This will be a practical overview of optimizing artist websites for search engines. We'll cover the best combination of code and writing that will pull you up from the depths of the internet. We'll take a good look at crediting your images. We'll discuss how to protect yourself against stolen content. This will be a workshop, so bring your laptop and your site and get ready to get found! Knowledge of HTML is required.
A quick guide to getting your site ready for search engines
The most important thing you can do is make sure your pages have value by being interesting to read. Use descriptive writing and make sure any keywords you need are part of the content. Add new content! Search engines love new stuff. It will also help if your pages load quickly. Avoid hiding content on the page for search engines, they should be reading the same info as the visitors to your site.
The < title > tag is the most important, make it descriptive for the various pages in your site. For instance, "My Site | About" for the About page.
Other Html Tags
Using semantic HTML is the most direct way to optimize your site for search engines.
< h1 > - make sure you have an < h1 > with the header for your content. Do not have more than one < h1 > tag on the page.
< h2 > - The search engine will read this as a more descriptive tag. Make all your important sub-headers into < h2 >.
< h3 > - This is for less important sub-headers.
< p > - Paragraph tags should be wrapped around all the content. These are also crawled as descriptive content.
< ul > - Use the list element for lists of information, like the navigation for your site.
Meta tags for content
meta description - This is important, it will show up as a description so someone scanning the search results might be more likely to click on you if it's well-written.
< meta name=" description " content="Short description for this page! "/ >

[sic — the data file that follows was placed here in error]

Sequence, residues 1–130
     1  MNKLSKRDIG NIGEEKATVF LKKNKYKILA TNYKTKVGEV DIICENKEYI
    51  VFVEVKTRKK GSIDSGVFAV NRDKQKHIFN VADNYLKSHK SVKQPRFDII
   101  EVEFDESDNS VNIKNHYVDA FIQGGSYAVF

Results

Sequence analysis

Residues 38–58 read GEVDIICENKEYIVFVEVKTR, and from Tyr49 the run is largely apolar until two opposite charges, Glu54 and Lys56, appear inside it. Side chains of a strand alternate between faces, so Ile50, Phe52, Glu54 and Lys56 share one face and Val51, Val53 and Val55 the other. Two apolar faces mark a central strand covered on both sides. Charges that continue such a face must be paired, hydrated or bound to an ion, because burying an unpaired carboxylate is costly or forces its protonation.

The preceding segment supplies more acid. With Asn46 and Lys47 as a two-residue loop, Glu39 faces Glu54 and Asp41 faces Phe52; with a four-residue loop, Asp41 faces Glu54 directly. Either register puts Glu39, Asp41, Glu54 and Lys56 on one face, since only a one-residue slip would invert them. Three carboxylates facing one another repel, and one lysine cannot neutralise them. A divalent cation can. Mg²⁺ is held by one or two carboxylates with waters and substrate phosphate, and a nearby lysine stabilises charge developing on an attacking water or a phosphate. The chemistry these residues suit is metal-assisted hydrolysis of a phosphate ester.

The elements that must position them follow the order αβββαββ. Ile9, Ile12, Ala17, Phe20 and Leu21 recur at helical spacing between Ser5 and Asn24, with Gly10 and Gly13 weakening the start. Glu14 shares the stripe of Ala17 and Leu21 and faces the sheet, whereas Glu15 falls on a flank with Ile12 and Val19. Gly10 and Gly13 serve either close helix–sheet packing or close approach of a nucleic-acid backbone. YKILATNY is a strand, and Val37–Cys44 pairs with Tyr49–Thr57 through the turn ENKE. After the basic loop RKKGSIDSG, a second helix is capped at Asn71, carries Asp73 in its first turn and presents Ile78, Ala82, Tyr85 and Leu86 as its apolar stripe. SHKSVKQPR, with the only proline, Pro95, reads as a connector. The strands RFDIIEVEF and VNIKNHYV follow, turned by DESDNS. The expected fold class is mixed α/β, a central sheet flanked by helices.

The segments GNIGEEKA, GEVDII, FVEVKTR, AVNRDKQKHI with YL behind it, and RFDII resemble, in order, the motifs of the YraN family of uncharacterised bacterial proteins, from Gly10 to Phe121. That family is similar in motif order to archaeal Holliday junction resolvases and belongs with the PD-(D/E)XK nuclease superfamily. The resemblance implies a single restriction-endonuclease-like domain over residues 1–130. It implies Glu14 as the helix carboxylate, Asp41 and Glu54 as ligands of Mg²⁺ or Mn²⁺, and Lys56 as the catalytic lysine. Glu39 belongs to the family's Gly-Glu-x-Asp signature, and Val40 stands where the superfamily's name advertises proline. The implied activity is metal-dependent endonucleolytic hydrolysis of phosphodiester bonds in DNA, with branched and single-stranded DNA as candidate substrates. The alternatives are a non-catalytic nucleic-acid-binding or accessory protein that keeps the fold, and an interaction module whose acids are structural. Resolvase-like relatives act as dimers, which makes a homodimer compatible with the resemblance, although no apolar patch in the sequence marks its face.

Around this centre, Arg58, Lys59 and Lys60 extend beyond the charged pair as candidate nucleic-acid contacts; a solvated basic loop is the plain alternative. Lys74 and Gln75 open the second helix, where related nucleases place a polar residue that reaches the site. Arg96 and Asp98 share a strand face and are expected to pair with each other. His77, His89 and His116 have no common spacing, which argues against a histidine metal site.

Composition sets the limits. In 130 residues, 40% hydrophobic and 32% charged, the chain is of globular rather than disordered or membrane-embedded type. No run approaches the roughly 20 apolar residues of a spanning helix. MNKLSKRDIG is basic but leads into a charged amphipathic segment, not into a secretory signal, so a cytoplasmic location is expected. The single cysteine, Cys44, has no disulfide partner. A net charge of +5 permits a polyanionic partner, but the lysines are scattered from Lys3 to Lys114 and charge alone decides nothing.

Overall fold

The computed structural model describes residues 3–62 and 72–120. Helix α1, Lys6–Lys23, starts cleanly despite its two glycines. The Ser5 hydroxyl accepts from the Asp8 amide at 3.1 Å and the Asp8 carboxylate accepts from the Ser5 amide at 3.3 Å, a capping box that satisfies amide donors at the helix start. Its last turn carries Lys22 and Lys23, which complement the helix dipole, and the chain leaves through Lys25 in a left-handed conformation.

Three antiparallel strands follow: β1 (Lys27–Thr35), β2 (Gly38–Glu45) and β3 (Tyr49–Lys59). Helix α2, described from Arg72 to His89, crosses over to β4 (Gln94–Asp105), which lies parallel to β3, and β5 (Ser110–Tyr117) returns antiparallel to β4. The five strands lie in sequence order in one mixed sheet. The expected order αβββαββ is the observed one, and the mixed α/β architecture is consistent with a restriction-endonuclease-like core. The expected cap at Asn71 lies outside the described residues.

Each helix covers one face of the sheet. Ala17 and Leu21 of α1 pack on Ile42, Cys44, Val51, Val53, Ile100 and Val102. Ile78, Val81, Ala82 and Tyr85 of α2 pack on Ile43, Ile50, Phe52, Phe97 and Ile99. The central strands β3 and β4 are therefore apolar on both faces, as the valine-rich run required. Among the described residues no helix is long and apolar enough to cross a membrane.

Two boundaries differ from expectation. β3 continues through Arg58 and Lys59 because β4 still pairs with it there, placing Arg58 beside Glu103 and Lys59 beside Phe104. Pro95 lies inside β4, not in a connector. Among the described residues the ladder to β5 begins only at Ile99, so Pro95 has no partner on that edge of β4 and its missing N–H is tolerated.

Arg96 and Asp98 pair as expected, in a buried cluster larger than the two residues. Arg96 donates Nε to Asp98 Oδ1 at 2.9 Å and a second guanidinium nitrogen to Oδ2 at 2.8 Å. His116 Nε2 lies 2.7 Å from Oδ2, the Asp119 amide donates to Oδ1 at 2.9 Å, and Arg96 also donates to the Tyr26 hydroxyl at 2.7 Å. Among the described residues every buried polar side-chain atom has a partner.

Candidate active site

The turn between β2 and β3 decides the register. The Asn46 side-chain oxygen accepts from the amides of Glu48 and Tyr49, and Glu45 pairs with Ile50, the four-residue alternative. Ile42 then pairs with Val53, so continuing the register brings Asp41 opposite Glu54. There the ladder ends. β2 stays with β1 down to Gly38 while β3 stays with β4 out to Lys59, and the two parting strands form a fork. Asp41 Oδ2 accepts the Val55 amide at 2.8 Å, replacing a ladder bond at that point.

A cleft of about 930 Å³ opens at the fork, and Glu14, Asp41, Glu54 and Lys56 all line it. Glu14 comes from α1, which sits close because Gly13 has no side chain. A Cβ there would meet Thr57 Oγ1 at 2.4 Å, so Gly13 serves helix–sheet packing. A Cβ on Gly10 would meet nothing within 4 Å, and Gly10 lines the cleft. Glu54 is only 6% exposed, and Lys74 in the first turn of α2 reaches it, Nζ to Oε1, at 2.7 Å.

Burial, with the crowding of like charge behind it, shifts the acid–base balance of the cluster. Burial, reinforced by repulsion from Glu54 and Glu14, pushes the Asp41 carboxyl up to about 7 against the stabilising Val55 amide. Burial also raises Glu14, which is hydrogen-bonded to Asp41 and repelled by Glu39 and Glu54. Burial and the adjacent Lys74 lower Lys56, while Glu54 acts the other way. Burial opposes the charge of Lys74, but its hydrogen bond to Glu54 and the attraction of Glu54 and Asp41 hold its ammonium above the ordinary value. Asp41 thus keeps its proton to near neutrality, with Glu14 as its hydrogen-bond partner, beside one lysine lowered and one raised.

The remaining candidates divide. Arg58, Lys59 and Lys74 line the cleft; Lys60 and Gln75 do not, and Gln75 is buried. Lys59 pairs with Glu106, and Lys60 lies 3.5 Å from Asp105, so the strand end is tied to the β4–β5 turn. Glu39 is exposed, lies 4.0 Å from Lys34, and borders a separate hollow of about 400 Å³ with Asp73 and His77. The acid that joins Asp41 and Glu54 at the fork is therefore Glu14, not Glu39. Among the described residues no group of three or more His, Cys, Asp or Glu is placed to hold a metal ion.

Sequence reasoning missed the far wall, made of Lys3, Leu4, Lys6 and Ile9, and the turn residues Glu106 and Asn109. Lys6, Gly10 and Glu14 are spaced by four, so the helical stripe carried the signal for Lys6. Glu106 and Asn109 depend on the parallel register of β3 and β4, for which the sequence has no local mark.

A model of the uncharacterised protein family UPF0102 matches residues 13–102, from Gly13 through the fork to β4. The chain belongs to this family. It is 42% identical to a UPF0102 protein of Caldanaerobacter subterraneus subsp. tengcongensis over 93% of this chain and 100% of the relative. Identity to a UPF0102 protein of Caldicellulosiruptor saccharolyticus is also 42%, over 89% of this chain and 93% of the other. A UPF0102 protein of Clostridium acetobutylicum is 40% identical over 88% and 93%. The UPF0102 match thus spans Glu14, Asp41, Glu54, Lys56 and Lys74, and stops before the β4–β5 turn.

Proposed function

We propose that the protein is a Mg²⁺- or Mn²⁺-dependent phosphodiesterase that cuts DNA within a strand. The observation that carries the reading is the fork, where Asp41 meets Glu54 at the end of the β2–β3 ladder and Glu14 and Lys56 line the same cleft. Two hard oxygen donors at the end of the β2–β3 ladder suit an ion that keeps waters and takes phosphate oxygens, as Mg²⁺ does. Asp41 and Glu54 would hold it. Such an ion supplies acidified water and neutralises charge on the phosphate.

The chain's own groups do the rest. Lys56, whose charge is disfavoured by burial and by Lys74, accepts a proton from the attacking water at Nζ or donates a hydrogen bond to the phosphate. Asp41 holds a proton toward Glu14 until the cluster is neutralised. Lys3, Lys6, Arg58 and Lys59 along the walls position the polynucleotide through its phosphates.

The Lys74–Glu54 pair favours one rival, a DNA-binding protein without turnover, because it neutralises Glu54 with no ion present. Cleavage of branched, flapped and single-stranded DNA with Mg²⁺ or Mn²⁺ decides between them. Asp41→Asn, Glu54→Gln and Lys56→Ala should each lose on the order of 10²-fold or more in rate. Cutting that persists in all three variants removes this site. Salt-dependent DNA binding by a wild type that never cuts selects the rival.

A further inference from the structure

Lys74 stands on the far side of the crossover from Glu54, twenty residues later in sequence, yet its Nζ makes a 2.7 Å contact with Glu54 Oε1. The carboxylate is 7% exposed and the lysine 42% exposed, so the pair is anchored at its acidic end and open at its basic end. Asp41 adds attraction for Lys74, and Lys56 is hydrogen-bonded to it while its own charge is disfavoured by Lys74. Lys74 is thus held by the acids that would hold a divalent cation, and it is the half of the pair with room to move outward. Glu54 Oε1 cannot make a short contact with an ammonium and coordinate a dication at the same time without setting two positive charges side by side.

meta keywords - This doesn't matter for Google but Yahoo and Bing still use it. You have to guard against using too many keywords however, as people have been accused of "keyword stuffing." Try to use less than 10 and make sure they are words that actually show up in your content for that page.
< meta name=" keywords " content=" best, site, ever "/ >
Who wrote the content on your page:
< meta name=" author " content=" My Name " / >
Meta original-source - browser will know if you put the content up first and if someone stole it.
< meta name=" original-source " content=" http://www.myurl.com/best-project-ever/ "/ >
Protect your work with the copyright tag:
< meta name=" copyright " content=" 2012 My Name " / >
Use alt text, image title, and have text around the image. This will make them more readable in an image search and also by screen readers.
< img src=" http://www.myurl.com/images/myimage.jpg " alt=" fantastic image " title=" fantastic image "/ >
Allow your image folder to be searchable (see robots.txt).
Don't use images for text, use real text so search engines can find it.
Make sure any important content in your flash movie is also available in the html.
Tag Pages on Blogs
If you have a blog, tag your content! Tag pages create another way for search engines to find your content through topics.
Avoid duplicate content
Make sure to test your site by doing this search in google: site:myurl.com
This will show all the pages in your domain that are indexed.
< link rel=' canonical ' href=' http://www.myurl.com/best-project-ever/ '/ >
A canonical link in the header of your page will additionally tell the search engine which is your preferred url.
Make sure when you go to your site it is not redirecting to another domain. If you change the location of some pages, or the entire site, be sure to tell the search engines by putting a permanent (301) redirect in your htaccess file.
Create a text file named robots.txt to tell search engines which folders are okay for them to crawl. You can specify that they're not ok, or that internet archives can't copy directories. Also you'll point to your sitemap in this file.
Let bots crawl a particular page
< meta name=" googlebot " content=" index,noarchive,follow,noodp "/ >
< meta name=" robots " content=" all,index,follow "/ >
< meta name=" msnbot " content=" all,index,follow "/ >
< meta name=" robots " content=" noindex,nofollow "/ >
Blogs and other dynamic sites use a query string in the url of the page, which comes after a question mark (?): http://www.myurl.com/?page=256
Search engines will not read anything after the question mark. So it's best to set up custom urls instead which are readable by both humans and computers: http://www.myurl.com/best-project-ever/
This can be done with rewrite rules in the htaccess file, or your blog platform may have an option to do that when you make a post.
- SEO Site Checkup
- Google Webmaster Guidelines
- Yahoo Style Guide
- 15 minute search engine optimization list
Thanks to: Trade School NY